Esk Pearl Mussel and Salmon Recovery Project
The Esk is the only river in Yorkshire that has a population of freshwater pearl mussels (Margaritifera margaritifera). Freshwater mussel populations are declining both nationally and internationally, and the Esk pearl mussels are on the verge of extinction.
The National Park Authority, working alongside Natural England and the Freshwater Biological Association, have secured funding from Biffa Award. This funding is supporting work on the River Esk to improve habitat for the threatened freshwater pearl mussel and salmon populations, through the Restoring Freshwater Mussel Rivers in England Project.
The Project is carrying out river habitat improvement work, such as riverbank fencing (including small tributaries), riverbank stabilisation, tree planting, wetland and pond creation, silt trap and woody debris dam installation, control of non-native plants, improvements in farm yards (e.g. concreting, rainwater goods, clean/dirty water separation), track works (e.g. cross drains), gate improvements (e.g. laying hardcore), and provision of stock watering facilities for livestock (e.g. troughs, drinking points and pumps). The priority area for this work is the River Esk and its tributaries upstream of Lealholm.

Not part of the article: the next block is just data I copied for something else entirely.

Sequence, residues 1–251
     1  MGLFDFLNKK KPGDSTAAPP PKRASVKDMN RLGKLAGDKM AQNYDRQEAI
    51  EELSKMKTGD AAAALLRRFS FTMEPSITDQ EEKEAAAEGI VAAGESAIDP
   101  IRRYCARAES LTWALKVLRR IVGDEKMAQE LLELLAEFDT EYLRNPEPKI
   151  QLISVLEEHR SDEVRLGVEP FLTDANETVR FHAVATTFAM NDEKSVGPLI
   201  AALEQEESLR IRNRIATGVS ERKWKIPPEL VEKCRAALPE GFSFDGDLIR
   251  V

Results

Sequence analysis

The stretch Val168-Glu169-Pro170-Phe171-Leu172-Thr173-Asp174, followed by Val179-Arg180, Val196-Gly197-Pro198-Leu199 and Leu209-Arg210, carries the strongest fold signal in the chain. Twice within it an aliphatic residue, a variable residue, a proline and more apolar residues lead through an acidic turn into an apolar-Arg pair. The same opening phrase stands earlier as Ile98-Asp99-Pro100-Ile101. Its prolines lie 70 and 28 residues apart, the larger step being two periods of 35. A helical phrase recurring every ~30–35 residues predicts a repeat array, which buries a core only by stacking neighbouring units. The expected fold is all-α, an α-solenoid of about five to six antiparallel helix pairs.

Simon Hirst, River Esk Project Officer
T: 01439 772700
Natural England - Catchment Sensitive Farming initiative through the Countryside Stewardship Scheme
For specialist advice on rivers please contact the Environment Agency on 03708 505 506
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